The phone clicks on and the accent in the voice is more East L.A. than North Pole.
“Santa’s workshop,” he says cheerily.
He says his alter ego is Lou Martinez and not the other way around. See, Lou Martinez is a former data and information systems worker at the Walt Disney Co. who was inspired to grow out his beard and don a red suit after seeing a mall Santa in Florida doing a lackluster job.
Lou is a shy, conservative fellow, but when kids recognize him in restaurants and their parents apologize for pointing out the resemblance, he merely hands them Santa’s business card. Then the surprise hits the parents’ faces.
“You should listen to your kids more often,” Santa tells them.
I caught up with Santa a few days before his big appearance downtown. On Thursday, he will join “Days of Our Lives” star Galen Gering for Burbank’s Tree Lighting Ceremony at 6 p.m. in front of City Hall.
This will be Martinez’ first time seeing how downtown Burbank ushers in the holidays, and it’s a great year for it. In honor of Burbank’s centennial, organizers are bringing out some special surprises this year. There may even be some unusual precipitation in the forecast.
Spreading the joy of the Christmas season is an all-year thing when you’ve got the beard, the glasses, the white hair, and the outfit to match. Even when he’s wearing a Hawaiian shirt performing comedy at a VFW or comedy club, it’s hard not to see Mr. Claus right there in front of you.
He tells me there’s a lot to learn about the world when you’re looking at it through Santa’s trademark wire-rimmed specs. If he is anything, he is hope personified — a reminder that there are things to be happy about, things worth loving, even when you are dealt tragedies that change you.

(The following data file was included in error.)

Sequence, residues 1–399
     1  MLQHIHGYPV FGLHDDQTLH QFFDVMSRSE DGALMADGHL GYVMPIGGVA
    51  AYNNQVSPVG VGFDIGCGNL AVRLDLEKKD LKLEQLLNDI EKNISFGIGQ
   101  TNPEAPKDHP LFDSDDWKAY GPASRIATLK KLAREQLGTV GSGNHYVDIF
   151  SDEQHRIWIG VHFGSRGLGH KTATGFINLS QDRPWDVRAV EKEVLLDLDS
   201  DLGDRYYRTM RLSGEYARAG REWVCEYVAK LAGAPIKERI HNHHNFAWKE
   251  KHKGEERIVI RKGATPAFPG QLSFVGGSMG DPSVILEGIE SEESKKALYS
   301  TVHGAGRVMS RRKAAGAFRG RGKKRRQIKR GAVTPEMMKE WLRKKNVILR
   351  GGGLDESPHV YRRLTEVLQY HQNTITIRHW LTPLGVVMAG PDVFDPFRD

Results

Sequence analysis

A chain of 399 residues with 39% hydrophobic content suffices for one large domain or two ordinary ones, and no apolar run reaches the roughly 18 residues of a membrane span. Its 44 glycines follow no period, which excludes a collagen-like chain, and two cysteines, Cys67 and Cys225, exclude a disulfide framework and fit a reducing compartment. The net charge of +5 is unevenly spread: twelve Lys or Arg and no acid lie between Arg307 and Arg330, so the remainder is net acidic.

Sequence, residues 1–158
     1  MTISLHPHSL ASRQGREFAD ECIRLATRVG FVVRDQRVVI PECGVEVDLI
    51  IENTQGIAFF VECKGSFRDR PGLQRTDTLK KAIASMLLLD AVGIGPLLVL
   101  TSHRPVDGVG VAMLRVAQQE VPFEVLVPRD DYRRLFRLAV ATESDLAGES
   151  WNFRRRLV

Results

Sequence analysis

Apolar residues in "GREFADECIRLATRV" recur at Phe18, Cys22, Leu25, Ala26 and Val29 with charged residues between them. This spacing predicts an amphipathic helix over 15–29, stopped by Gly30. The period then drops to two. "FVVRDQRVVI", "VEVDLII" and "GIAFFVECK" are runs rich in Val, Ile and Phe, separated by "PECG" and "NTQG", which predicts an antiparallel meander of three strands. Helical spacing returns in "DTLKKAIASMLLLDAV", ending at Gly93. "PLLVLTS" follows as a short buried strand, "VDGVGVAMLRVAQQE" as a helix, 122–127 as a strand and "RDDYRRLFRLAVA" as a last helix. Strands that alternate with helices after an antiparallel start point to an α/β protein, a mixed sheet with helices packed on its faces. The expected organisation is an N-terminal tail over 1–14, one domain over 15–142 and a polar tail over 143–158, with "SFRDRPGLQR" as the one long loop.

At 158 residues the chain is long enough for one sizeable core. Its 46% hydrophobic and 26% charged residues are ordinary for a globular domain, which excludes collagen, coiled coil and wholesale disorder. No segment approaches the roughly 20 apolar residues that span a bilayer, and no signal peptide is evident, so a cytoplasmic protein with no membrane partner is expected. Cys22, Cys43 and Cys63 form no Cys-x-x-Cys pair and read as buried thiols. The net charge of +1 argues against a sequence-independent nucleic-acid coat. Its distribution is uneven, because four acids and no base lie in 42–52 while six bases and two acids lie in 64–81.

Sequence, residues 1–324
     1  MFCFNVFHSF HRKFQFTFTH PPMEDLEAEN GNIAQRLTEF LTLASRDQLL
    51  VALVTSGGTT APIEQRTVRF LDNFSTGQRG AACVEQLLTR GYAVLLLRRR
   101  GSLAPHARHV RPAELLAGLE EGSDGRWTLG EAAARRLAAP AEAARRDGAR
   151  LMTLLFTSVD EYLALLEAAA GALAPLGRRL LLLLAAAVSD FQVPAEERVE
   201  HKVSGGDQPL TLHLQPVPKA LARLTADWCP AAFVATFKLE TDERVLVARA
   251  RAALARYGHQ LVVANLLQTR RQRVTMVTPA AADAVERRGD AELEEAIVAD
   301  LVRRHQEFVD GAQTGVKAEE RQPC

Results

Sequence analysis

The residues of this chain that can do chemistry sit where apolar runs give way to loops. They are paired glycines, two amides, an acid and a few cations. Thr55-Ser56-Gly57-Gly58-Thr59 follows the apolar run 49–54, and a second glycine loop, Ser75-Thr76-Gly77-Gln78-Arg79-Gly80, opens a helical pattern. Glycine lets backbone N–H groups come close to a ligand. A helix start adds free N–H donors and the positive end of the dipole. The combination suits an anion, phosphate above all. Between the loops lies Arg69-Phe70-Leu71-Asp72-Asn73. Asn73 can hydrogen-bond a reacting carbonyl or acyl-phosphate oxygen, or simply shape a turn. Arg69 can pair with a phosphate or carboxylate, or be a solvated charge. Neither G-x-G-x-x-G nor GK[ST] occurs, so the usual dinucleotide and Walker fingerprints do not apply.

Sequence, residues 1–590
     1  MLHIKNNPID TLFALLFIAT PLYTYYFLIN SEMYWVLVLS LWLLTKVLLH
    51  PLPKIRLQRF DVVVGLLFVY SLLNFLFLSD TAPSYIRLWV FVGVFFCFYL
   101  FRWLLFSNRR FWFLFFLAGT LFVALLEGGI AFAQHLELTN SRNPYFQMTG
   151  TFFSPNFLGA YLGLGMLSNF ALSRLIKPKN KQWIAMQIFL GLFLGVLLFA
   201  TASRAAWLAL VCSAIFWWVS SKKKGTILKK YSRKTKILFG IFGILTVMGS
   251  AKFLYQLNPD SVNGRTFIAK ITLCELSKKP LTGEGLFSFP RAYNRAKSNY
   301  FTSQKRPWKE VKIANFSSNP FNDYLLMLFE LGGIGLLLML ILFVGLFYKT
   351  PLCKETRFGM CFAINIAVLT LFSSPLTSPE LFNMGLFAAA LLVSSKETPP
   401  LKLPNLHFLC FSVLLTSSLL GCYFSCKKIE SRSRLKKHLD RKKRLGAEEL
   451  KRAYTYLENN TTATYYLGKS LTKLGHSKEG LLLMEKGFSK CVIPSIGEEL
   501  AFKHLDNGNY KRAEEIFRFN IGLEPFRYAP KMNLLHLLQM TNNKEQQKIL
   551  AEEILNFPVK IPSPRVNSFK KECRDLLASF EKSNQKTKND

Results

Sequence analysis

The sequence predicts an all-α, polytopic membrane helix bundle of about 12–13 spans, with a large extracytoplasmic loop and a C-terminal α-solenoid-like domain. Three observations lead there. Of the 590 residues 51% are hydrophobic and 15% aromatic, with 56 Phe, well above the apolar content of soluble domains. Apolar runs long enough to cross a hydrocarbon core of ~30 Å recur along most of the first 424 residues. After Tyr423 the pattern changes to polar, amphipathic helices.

Once while at a hospital, a quiet boy perched on his lap and shared a secret: “My dad’s dead. Somebody shot him in the head.”
“Like it was no big deal,” Martinez recalled.
Later that same day, a grown man came to see Santa, the type of “biker-looking dude” you might cross the street to avoid.
“Hey Santa, say hello to my girls for me,” the man said.
Santa, not picking up on the man’s meaning, asked him what happened.
“My two girls passed away this year,” the man replied. “Say hi to them for me.”
That was a rare day. Days like that remind Santa’s helpers — Lou Martinez included — of the weight of Santa’s mantle, and the responsibility they have to carrying out the season’s message of goodwill and charity toward all.
“The way the world is today, I think grown-ups need Santa a lot more than kids do,” he said.
It’s a different kind of conversation when Santa talks to the grown-ups. He attends a lot of holiday office parties and has spent the last two months performing stand-up, but in every conversation he is real.
“If I don’t believe it, how can I be Santa to them when they need it? I don’t want to fake that I care. When I’m in the suit, I am Santa,” he said.
Santa, in deed and dress, is someone people can relate to. He’s the reminder that at least once a year we all have the power to make someone else smile, even if they’re total strangers, because everyone needs a friend once in a while.
“I’d rather be a friend than an icon,” he said.
BRYAN MAHONEY is a recent transplant from the East Coast. When he’s not trying to secure a spot on the Nice list, he can be reached at 818NewGuy@gmail.com and on Twitter @818NewGuy.